When The Devil's Paid (Vanilla Dream DnB remix) (8:12)
Review: Here's a spot of unlikely cross-cultural collaboration, as Finnish jazz man Timo Lassy joins forces with veteran Brazilian soul man Ed Motta. The resultant cut, "When The Devil's Paid", is a summery and sun-kissed chunk of gentle samba-soul with Motta providing a typically breezy and emotion rich vocal. Lassy's old pal Jimi Tenor heads up the accompanying remix package, wrapping the original's snaking sax and heartfelt vocals over a hybrid electronic/acoustic groove. Elsewhere, Alex Trebo delivers a sensual nu-jazz rub and Vanilla Dream unfurls a pleasingly punchy and jazzy drum and bass interpretation. When the weather outside is grey and damp, stick this on and all will be well with the world.
Review: Bruno E has plenty of history in the field of future jazz and downtempo, and now he's been snapped up by D3 to deliver some of that cold-chilling lounge business with some interesting remixers on board. Pat Van Dyke is up first, creating a blissful version of "Ventos De Outono" that feels as cosy as a warm fire and a glass of whisky on an autumn evening. The original version of the track is actually a peppier affair with a broken beat lilt that wouldn't sound out of place alongside the Dego and Kaidi Tatham crew. Kirk Degiorgio is a natural fit for another remix given his jazzy roots, and his swirling techno treatment is the perfection lotion to pour over Bruno E's excellent original ingredients.
Review: Back in 2016, legendary Afrobeat drummer Tony Allen approached techno pioneer Jeff Mills with the idea of working together. A series of live gigs and off-the-radar studio sessions followed, with the first fruits of their joint efforts finally appearing on this must-have 10". As you'd expect, the duo's collaborative work combines Allen's traditional Nigerian polyrhythms, traditional Afrobeat instrumentation, and the far-sighted, sci-fi inspired electronic futurism that has always marked out Mills' work. The result is a quartet of cuts that could arguably be described as retro-futurist Afro-tech - all delay-laden beats, basslines and organs subtly sparring with gentle acid lines, Motor City electronics, beguiling deep space textures and shimmering, 31st century motifs. It's arguably Allen's stylistic contributions that dominate, but that's no bad thing.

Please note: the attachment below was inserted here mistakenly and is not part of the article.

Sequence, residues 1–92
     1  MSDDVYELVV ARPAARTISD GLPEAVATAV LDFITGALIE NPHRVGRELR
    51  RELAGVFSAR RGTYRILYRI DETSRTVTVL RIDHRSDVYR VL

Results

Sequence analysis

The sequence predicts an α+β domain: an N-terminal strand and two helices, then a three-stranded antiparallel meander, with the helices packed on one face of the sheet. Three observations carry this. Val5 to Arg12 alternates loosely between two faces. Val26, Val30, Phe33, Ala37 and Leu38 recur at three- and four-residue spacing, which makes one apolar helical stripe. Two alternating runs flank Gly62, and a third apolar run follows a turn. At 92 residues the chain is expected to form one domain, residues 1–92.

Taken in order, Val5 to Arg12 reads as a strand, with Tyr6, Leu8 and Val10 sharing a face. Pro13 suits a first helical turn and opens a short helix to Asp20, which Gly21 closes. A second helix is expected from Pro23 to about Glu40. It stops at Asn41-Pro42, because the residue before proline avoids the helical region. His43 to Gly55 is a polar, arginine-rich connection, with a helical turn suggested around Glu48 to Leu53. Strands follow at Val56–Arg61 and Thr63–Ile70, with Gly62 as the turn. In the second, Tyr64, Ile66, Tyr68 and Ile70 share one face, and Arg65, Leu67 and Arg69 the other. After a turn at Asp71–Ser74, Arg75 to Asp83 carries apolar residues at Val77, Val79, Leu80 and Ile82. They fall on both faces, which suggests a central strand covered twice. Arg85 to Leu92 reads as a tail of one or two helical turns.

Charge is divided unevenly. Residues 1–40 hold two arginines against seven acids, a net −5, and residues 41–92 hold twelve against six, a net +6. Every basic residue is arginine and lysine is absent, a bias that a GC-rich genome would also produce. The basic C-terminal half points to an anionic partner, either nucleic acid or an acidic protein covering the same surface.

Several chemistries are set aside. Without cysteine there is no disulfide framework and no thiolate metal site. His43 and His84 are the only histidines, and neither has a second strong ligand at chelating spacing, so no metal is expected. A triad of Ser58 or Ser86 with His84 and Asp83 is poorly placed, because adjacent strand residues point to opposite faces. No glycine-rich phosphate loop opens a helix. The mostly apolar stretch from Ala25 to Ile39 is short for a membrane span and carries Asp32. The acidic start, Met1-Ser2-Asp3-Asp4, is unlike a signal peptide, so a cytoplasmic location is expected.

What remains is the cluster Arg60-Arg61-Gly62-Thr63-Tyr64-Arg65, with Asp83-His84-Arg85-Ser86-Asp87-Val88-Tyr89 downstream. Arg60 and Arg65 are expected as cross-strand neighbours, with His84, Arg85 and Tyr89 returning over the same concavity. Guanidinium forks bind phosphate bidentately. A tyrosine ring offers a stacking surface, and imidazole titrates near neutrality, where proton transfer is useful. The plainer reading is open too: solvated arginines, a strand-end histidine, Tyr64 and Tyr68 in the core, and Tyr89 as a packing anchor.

Review: Hot on the heels of "Mission" earlier this year, Shuya Okino's Kyoto Jazz Sextet troupe present another gem from last year's Unity album complete with a remix of the highest calibre. This time the cascading, Latin rhythm and frenetic horn leads of "Rising" are given the midas dancefloor touch by none other than Ron Trent. Maintaining the wily spirit of the original while coating in warm organ blasts and subtly bumping kicks, it's a precision translation that brings the original into a whole new context.
Review: It's been five years since Truth & Soul's octet gave us the incredible Wu Tang version album. It's been two years since they last dropped a single, too. However the band is back and their trademark cinematic soul is richer and more emotive than ever. From the instant the trembling flute and guitar open with the cuddly, ultimately positive "Kiddy Ditty" we're whisked on a largely instrumental journey that flings us through the wild west ("Little House"), soul's early JB chapters ("This Song For You") and straight up NY low-slung funk ("A Little Sloppy"). Climaxing with a Lee Fields featured "By The Time I Get To Phoenix", Loose Change is a kind reminder of just how accomplished and creative El Michels Affair are. No change there, then.
Review: Fresh from delving into his ambient side on the pastorally-enhanced "Loom Dream" album for Whities, Leif revives his self-manned Tio Series with another double-shot of delicate but impactful cuts outside the conventional slipstream of modern techno. The rhythms fall crooked, the synths trickle, bubble and cascade around the groove and the atmosphere remains humid and heady, especially on ear-snagging B-side "Rumex". "Montpelier" sports more explicit dubby flourishes and a spread of sonic flora and fauna in the middle distance that truly brings the track to life.